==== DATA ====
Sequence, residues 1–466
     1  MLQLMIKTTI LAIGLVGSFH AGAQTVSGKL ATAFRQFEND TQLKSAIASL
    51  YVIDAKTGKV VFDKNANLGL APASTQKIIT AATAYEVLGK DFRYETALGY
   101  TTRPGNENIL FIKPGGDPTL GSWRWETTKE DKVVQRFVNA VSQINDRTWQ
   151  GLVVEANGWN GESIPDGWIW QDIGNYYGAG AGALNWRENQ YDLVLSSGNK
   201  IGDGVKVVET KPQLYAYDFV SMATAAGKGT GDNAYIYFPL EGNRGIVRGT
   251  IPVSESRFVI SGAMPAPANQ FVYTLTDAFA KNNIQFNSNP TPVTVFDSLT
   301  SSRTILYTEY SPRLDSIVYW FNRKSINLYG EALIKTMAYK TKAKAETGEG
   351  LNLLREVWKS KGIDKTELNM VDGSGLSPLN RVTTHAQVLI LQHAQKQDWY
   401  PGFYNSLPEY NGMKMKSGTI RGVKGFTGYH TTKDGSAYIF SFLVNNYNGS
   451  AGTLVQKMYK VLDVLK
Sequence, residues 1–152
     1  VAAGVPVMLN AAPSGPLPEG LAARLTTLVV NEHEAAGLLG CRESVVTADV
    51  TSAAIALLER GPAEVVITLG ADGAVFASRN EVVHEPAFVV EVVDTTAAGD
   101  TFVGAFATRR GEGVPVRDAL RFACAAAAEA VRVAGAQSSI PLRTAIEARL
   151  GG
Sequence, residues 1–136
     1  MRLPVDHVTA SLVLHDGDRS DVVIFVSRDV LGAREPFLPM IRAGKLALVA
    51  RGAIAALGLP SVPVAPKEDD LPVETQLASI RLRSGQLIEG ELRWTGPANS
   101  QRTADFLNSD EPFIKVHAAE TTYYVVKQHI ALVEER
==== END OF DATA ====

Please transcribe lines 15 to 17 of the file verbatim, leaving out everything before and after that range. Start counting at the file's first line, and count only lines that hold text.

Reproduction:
   101  TFVGAFATRR GEGVPVRDAL RFACAAAAEA VRVAGAQSSI PLRTAIEARL
   151  GG
Sequence, residues 1–136